Monday, June 9, 2008

Trevor's Review of Gordimer's The Conservationist

I am ambivalent about this book.

On the one hand, it had some brilliant parts. The overall themes of apartheid are incredibly subtle but powerful. Many of the passages are very poetic and evocative. At the end I could honestly say that I felt I'd been through a good experience. She does a great job showing the awkward relationship between Mehring and his black workers. The dead man found at the beginning haunts the rest of the novel--and it works brilliantly.

On the other hand, most of the time I read it I was annoyed by what to me felt like an over self-indulgent, self-conscious style. I felt like I was at one of those poetry readings where the poet is reading the poem entitled something like "A purple evening on the hood of my 1965 Mustang with the engine turned off thinking about existentialism while the moon rose over the hills to the East: A Reverie"--the kind of writing that lays out details in a way not meant to be descriptive but to sound profound, even when they are not. It doesn't help that she starts a chapter "Golden reclining nudes of the desert." It's there at the beginning, one line, with a break between it and the next paragraph. I'm just not into this kind of writing. I enjoy a more simple, understated style.

I'm sure a lot of this was just my approach to the novel, but I couldn't help feel like the narrator was drolling on and on in this way, enunciating alliteration and assonance to show how clever it was. I was most touched by the simple passages, not by the ones that were obviously worked and reworked to have a rhythm that screams at the reader--look at this rhythm!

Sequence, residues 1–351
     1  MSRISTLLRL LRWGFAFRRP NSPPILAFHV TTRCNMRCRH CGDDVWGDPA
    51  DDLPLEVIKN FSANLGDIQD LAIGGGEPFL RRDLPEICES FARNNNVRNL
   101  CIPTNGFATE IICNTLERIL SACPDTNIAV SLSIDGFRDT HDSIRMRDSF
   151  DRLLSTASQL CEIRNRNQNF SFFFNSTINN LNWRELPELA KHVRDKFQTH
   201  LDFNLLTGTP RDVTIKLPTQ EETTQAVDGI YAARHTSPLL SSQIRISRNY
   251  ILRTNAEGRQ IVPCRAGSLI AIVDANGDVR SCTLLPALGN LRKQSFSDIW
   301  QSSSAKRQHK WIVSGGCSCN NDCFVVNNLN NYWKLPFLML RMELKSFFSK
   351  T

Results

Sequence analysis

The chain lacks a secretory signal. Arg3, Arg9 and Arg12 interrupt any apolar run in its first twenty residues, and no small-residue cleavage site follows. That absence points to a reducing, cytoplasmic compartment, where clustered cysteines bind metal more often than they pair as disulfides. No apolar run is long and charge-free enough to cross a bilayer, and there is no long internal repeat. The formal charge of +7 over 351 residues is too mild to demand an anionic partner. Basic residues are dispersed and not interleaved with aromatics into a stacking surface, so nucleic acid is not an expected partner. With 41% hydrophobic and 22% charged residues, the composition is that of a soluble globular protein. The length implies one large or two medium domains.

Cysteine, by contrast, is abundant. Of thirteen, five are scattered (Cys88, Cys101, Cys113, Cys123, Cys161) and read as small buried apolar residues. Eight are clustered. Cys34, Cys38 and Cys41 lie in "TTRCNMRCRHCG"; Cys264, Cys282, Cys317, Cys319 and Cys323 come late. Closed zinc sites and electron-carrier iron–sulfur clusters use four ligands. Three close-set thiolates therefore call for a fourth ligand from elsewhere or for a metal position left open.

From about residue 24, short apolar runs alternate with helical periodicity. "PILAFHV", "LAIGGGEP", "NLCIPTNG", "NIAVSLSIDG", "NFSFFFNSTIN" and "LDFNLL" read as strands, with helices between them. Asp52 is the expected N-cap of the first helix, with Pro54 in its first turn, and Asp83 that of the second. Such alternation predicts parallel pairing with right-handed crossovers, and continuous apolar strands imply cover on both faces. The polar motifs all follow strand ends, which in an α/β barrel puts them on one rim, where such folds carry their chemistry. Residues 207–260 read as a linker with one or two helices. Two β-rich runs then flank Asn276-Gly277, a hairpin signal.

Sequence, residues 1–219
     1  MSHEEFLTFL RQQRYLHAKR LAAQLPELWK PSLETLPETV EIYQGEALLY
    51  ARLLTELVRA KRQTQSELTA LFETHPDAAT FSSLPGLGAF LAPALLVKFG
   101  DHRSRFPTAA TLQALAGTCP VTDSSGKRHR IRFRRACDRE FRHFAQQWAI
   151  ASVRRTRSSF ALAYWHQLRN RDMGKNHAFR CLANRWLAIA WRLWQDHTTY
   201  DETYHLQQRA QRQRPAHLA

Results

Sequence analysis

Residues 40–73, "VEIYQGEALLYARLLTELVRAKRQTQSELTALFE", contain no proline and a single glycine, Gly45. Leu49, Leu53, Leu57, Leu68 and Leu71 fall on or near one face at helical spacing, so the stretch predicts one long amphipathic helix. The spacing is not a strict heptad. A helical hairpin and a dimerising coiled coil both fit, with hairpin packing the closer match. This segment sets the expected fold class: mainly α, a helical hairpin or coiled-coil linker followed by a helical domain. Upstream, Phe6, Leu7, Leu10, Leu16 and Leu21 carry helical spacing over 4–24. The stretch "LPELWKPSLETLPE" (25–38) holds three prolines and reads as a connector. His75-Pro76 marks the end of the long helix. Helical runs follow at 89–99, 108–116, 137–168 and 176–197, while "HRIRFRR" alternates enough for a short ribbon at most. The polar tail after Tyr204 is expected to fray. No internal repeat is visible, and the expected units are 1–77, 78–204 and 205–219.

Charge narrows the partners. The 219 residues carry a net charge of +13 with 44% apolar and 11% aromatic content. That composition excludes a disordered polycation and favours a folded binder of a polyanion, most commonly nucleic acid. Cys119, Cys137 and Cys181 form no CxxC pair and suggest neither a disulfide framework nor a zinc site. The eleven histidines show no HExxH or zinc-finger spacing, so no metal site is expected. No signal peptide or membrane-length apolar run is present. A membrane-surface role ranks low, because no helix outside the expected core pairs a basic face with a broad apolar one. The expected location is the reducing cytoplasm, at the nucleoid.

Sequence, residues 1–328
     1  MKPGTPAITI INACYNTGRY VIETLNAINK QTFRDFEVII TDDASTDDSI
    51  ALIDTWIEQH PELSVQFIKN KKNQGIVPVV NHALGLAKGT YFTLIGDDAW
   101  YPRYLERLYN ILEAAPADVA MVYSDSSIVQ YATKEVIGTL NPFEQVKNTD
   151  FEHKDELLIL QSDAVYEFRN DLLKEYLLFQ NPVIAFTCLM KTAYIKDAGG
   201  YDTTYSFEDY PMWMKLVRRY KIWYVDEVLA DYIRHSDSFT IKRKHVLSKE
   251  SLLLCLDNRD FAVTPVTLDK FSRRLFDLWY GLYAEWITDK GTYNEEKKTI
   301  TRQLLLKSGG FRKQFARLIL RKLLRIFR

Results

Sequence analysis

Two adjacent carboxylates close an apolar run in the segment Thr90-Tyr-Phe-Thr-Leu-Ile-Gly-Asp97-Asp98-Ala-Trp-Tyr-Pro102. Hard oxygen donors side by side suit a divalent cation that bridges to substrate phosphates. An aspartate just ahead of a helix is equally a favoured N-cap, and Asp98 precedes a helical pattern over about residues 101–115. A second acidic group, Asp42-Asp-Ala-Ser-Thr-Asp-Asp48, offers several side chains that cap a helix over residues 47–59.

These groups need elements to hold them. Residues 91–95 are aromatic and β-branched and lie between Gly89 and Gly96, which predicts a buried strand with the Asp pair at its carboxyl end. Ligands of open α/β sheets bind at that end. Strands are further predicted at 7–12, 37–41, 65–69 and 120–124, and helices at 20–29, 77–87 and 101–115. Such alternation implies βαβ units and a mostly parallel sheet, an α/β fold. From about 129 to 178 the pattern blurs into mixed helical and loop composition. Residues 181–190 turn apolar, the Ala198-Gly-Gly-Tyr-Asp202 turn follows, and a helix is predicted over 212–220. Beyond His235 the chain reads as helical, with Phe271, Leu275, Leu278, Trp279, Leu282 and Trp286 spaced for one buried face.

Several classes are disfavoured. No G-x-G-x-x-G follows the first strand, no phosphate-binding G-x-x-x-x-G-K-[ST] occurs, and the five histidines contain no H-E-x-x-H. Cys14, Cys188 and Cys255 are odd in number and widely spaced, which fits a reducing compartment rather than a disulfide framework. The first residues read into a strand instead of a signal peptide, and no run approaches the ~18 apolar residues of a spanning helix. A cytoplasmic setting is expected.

This is just my personal taste. I don't want to discourage anyone about this novel. I feel awfully pretentious saying all of that about a Booker Prize winner, let alone about a Nobel Prize winner. Griping about style in a book of obvious substantive value is a probably petty. Gordimer's writing is important. She has been incredibly progressive with her portrayals of race, and this book was one of those important works. Unfortunatlely, this particular book felt dated to me. The Best of the Booker judges have a bit different taste than I do--I didn't feel like this book really made it out of the early 1980s.
3 stars out of 5.

1 comment:

  1. Very nice review! I will read the book, because I am reading them all. But having just finished Beethoven Was One-Sixteenth Black, i had some of the same reactions to Gordimer's writing that you had. So I need a little break before I pick up another.